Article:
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Nitrogen, phosphorus, and potassium budgets in Indian agriculture

Author:
Pathak, H., Mohanty, S., Jain, N., Bhatia, A.
Source:
Nutrient cycling in agroecosystems 2010 v.86 no.3 pp. 287-299
ISSN:
1385-1314
Subject:
nitrogen, phosphorus, potassium, biogeochemical cycles, nutrient balance, nutrient management, agricultural land, soil fertility, pollution, mineral fertilizers, animal manures, composts, green manures, nitrogen fixation, crop residues, irrigation water, rain, crop yield, leaching, volatilization, denitrification, environmental degradation, simulation models, accuracy, India
Abstract:
Nutrient budgeting is a useful tool in determining present and future productivity of agricultural land as well as undesirable effects of nutrient mining and environmental pollution. Budgets of N, P, and K were calculated for India for 2000-2001 taking into consideration the inputs through inorganic fertilizer, animal manure, compost, green manure, leguminous fixation, non-leguminous fixation, crop residues, rain and irrigation water and outputs through crop uptake and losses through leaching, volatilization and denitrification. Inorganic fertilizer was the dominant source contributing 64% of N and 78% of P inputs in Indian agriculture, whereas K input through inorganic fertilizer was 26%. Removals of N, P, and K by major agricultural crops in the country were 7.7, 1.3 and 7.5 Mt, respectively. There were positive balances of N (1.4 Mt) and P (1.0 Mt) and a negative balance of K (3.3 Mt). It was projected that N, P, and K requirement by Indian agriculture would be 9.78, 1.57 and 9.52 Mt, respectively, to meet the food demand of 1.3 billion people by 2020. The study identified the ‘hotspots' of excess nutrient loads as well as of nutrient mining regions in India to improve our ability to predict environmental degradation due to imbalanced fertilizer use. However, there are some uncertainties in India's nutrient budget and more research is required to reduce these uncertainties.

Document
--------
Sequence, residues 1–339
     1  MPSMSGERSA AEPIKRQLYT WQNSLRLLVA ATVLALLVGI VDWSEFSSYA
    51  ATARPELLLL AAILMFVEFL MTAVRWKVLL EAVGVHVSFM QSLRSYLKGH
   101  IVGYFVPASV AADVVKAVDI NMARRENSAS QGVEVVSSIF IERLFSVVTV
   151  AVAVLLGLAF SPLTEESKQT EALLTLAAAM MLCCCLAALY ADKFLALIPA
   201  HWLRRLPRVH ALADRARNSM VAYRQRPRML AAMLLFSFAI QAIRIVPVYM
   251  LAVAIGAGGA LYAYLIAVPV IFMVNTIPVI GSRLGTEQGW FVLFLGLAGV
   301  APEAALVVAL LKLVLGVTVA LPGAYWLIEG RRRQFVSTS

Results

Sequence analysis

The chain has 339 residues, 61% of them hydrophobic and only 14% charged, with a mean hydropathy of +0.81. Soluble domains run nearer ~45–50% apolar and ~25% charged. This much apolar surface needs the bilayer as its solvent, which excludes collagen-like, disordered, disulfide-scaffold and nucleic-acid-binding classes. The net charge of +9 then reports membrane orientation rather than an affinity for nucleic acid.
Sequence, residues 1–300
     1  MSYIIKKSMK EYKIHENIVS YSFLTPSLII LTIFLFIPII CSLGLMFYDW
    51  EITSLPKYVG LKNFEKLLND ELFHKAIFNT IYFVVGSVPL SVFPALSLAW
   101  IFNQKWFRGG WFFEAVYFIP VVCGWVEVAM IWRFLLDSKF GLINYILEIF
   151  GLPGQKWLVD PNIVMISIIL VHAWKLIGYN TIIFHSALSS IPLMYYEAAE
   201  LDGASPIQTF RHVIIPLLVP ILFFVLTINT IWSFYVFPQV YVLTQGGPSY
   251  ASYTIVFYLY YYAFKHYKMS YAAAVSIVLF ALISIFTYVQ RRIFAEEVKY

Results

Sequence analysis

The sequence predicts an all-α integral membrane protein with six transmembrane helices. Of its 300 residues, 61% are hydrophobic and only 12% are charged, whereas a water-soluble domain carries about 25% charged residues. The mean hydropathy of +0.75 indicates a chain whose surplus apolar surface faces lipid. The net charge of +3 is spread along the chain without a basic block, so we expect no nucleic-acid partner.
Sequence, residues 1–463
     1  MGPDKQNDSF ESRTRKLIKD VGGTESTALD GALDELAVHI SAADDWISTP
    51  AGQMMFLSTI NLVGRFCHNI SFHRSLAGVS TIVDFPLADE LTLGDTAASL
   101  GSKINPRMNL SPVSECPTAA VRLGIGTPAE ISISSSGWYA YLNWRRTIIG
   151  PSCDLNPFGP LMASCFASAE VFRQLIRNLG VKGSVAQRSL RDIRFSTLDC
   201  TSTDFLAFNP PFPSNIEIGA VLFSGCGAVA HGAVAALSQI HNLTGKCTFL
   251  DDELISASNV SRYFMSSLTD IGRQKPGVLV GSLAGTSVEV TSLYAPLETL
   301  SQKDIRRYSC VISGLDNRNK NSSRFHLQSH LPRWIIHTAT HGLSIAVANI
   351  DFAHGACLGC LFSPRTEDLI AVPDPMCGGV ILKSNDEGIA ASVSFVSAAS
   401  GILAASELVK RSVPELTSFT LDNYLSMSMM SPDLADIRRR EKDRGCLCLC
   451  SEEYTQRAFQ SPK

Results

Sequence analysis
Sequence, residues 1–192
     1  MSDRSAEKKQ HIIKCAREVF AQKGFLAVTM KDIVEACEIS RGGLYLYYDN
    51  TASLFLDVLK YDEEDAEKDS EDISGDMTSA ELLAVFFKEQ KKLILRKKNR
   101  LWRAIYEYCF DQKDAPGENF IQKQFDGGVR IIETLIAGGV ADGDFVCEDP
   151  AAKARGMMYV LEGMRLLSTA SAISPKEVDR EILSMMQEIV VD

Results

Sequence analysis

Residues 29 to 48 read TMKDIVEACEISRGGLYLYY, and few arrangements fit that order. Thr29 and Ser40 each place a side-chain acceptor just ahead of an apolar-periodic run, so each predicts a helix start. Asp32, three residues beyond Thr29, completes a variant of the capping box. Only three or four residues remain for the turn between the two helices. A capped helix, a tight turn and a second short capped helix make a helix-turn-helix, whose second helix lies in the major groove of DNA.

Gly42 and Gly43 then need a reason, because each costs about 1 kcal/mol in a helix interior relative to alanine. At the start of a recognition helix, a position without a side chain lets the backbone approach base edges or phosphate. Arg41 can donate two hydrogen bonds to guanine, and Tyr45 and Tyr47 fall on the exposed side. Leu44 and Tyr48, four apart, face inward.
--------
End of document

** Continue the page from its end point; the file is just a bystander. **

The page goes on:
Agid:
780184